NEW YORK (CNNfn) - Papp Mutual Funds has been a family affair for more than 20 years, but fund manager Rose Papp knew it was in the blood when her 12-year-old daughter, Stephanie, started paying attention to market news.|
It is not hard to understand what triggered Stephanie’s interest in stocks, considering her mom, her dad, her grandpa and her aunt all work for the Arizona-based fund group.
"Maybe it comes back to what you grow up with,” Rose Papp said. "It’s something you learn to love and it’s something you want to do.”
Like Papp funds, there are dozens of cases of family ties in the industry. Founding fathers are bringing their sons and daughters on board, while husbands and wives are working side by side and siblings are competing against each other.
"Certainly, the fact that the fund industry has gone from a smallish, clubbish world to a major industry contributes to (family ties),” said Russ Kinnel, an analyst at fund-tracker Morningstar. "There are a lot of connections.”
Consider a few of the many examples of family ties:
- Edward C. Johnson III, chairman of fund giant Fidelity Investments, works with his daughter, Abigail, associate director and senior vice president of Fidelity Management & Research Co. The company was founded in 1946 by Edward Johnson’s father, Edward C. Johnson II.
- At Franklin Resources (BEN), the founder and chairman is Charles B. Johnson, while his son, Greg, is president of Franklin Templeton USA and son, Charles E., is president of Franklin Templeton International.
- Famous Wall Street stock picker Mario Gabelli, founder of Gabelli Asset Management (GBL), hired his son, Marc, as a manager.
- At Capital Research and Management Co., which oversees American Funds, J.B. Lovelace Jr., son of founder Jonathan Bell Lovelace, has been at the company since 1952. And, a third generation, Robert and his brother, James, are both managers and officers.
- American Century Funds also has a father and son working together. James Stowers Jr., who founded the company in 1958, is chairman, while James III manages funds and is chief executive.
- And, Chris Davis, in his mid-30s, is the third generation in his family picking financial stocks at Davis Mutual Funds, Kinnel said. While Davis is only in his mid-30s, he has probably received great training, and has strong ties to the company that will keep him there for years, Kinnel said.
"You have confidence that 10 years down the line Chris is still going to be there,” Kinnel said.
There are other types of familial ties. Bob Stansky, manager of the closely watched Fidelity Magellan Fund, is a brother of Brian Stansky, manager of T. Rowe Price Media & Telecommunications Fund and the Health Sciences Fund. Helen Young Hayes, co-manager of Janus Overseas Fund, and Claire Young, manager of Janus Olympus Fund, are sisters.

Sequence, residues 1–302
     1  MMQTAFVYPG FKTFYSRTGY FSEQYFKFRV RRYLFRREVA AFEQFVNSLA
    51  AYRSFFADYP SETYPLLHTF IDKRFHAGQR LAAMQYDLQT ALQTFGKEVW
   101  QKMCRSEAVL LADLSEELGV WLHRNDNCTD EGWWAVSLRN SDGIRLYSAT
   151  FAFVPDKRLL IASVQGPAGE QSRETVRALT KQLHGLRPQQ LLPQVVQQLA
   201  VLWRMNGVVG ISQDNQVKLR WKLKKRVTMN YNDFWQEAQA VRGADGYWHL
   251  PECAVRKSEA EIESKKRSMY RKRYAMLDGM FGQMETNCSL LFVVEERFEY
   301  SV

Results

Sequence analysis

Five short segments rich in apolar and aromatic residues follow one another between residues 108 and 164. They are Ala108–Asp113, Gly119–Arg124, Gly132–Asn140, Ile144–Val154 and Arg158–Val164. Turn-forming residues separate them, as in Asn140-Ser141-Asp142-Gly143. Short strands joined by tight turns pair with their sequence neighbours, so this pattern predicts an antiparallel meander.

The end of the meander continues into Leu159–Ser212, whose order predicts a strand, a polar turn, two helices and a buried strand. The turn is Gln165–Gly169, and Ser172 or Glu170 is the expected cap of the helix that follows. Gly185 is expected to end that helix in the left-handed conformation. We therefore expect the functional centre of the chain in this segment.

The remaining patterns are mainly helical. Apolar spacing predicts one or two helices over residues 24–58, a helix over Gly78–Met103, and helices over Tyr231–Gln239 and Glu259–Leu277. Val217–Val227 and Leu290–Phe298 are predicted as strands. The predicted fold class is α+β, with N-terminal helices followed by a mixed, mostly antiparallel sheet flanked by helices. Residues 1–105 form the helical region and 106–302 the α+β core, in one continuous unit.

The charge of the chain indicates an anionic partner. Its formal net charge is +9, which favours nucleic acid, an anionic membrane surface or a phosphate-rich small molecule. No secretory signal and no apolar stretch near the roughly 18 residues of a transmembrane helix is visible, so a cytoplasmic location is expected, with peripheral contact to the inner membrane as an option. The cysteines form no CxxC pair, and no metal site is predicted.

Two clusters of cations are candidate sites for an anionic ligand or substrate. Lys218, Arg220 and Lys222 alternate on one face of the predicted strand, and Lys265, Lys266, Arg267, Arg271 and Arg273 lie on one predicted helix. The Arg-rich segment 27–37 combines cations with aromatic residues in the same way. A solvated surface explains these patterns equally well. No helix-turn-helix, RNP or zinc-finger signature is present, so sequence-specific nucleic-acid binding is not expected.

(Photos from Janus Funds Web site).
(In all of these examples, family members declined comment or were unavailable for comment).
Bob Kern, who co-founded the small-cap shop Kern Capital Management with his son, David, thinks it could be something in the genes that inspired the father-son team.
"Small-cap investing is something you love or you say ‘That’s not for me,’" Bob Kern said. "There’s a passion that develops. Maybe that’s something that relations to the genes.”
There was plenty of talk around the Kern dinner table when David was growing up about small-cap stocks, the father recalled. Then David went off to Lehigh University.
"David was a sophomore when we had a father-son discussion,” Bob Kern said. "I said, ‘what do you really want to do?’ He said, ‘Dad, I’ve been thinking about the investment business.’"
David had a few internships and held jobs at three investment firms when he wound up competing against his father. The son managed the Founders Discovery Fund and the father was heading Fremont U.S. Micro-cap Fund.
"Being competitors in small caps, that’s when the light went on,” Bob Kern said. They founded the company in 1997.
Too close for comfort?
Kinnel said he is unable point to a case where investors have been hurt by owning funds with family connections. But, he said it is something that could potentially be a problem.
"Clearly when you have sons and daughters and brothers the standards are a little different for them,” Kinnel said.
Then again, the fund industry is a more of a meritocracy where managers have to prove their worth based on performance, Kinnel said.
Rose Papp said her father-in-law was so eager to avoid the appearance of favoritism that he insisted that she and her husband - who both have MBAs -- get certified as chartered financial analysts. And when the company moved offices recently, all of the partners, whether or not they are related to Roy Papp, were included in the decision-making.
As far as what happens around the Papp dinner table, Rose Papp said she and her husband occasionally talk shop. But, she did not realize how much it had sunk in with her two daughters until recently.
The family watches market news on television in the morning, as they are getting ready to start their day. One day, there was an item on TV about American Power Conversion (APCC), a stock that Rose Papp had been buying. "That’s APCC,” 12-year-old Stephanie said, using the ticker symbol.
"It was fascinating,” Rose Papp said. "She remembered the stock from us talking about it around the dinner table. I think it’s osmosis.”